I don’t give an E grade to a student who fails to submit a piece of work I write NA in my marks book. If a student does not submit any evidence I cannot accurately gauge their level of knowledge and understanding to apply any grade. If students in my class continue to get NAs for tasks then their final report will also reflect an NA. This means that there was not enough evidence to assess the student and apply an A-E grade against the standard. It also means that the student did not meet the Achievement Standard for that subject/year level.

Resubmission is open to everyone, not just those who get Ds and Es. If a student gets a B+ or an A then they can also resubmit to improve their grade.

Do many students take up the chance to resubmit tasks? No. I don’t see this as a reason to change my practice though. During 2017 I had a few students take up the offer of resubmitting tasks because it would impact on their final grade. They demonstrated a motivation to improve and used their own time to re-do their work. This is a practice I want to encourage.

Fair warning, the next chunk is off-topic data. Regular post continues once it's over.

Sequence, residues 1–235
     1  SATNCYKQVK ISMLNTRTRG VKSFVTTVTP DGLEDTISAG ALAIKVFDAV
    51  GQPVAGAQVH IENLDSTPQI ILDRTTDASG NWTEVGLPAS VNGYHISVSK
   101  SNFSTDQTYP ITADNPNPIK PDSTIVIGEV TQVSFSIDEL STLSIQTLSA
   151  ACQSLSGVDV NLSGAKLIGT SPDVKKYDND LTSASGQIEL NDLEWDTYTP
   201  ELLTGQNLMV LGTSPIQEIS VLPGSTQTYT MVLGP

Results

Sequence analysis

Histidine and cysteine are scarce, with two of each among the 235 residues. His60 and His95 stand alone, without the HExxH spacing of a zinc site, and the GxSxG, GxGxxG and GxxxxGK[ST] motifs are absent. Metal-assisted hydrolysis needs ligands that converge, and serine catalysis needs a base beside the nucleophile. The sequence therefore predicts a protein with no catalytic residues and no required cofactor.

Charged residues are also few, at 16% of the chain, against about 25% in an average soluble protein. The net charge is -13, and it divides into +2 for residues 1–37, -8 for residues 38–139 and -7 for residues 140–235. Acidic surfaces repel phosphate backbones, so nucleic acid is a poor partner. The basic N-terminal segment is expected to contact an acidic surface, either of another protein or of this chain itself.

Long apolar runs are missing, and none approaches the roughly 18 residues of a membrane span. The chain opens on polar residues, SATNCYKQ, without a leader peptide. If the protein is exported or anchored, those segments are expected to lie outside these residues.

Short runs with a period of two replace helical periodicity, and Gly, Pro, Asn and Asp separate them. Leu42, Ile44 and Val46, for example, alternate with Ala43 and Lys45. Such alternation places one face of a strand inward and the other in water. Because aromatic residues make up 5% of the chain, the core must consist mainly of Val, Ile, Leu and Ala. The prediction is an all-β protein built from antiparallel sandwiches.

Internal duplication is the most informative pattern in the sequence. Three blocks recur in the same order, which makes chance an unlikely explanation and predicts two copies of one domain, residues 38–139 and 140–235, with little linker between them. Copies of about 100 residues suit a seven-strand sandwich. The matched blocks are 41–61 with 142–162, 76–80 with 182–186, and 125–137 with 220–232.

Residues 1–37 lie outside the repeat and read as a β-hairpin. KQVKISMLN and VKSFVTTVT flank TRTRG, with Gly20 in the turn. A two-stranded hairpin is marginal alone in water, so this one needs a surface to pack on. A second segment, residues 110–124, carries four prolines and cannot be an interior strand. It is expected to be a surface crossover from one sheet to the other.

Teachers might say they have always been willing to accept a resubmitted piece of work but how many actively promote and encourage this idea with students? Do your students know this is an option?

How re-dos, retakes, resubmissions (whatever you want to call them) and deadlines work in one teachers class is not going to be the same as what works in another teachers classroom. The subject specific curriculum, the teachers workload, the teachers personal beliefs and school policies among other things will impact on what a teacher can or wants to do in relation to these issues.


Professional reading from Facebook and Twitter Part 13

Reading number 1

Source: You Tube

You Tube Video: How you can be good at math, and other surprising facts about learning | Jo Boaler

Posted on Twitter by  @TurraNick

Reading number 2

Blog: Teacher Solutions

Blog post: To Mark or not to Mark, that is the question

Posted on Facebook by  Karen Cornelius in the group Share Network for the Australian Curriculum, SA – SNAC SA

Reading number 3

Blog: Global Digital Citizen Foundation

Blog post: Giving Student Feedback: 7 Best Practices for Success

Posted on Facebook by  Brenton Wilson in the group TfEL Teachers’ Companion

Modelling goal setting to students

In her Year 1/2 class Ange works with her students to develop a learning goal each term. These are laminated and placed on the student desks and referenced regularly through the term.

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Ange helps the students to keep focussed on their goals by having students record each time they do something that helps them work towards achieving their goal.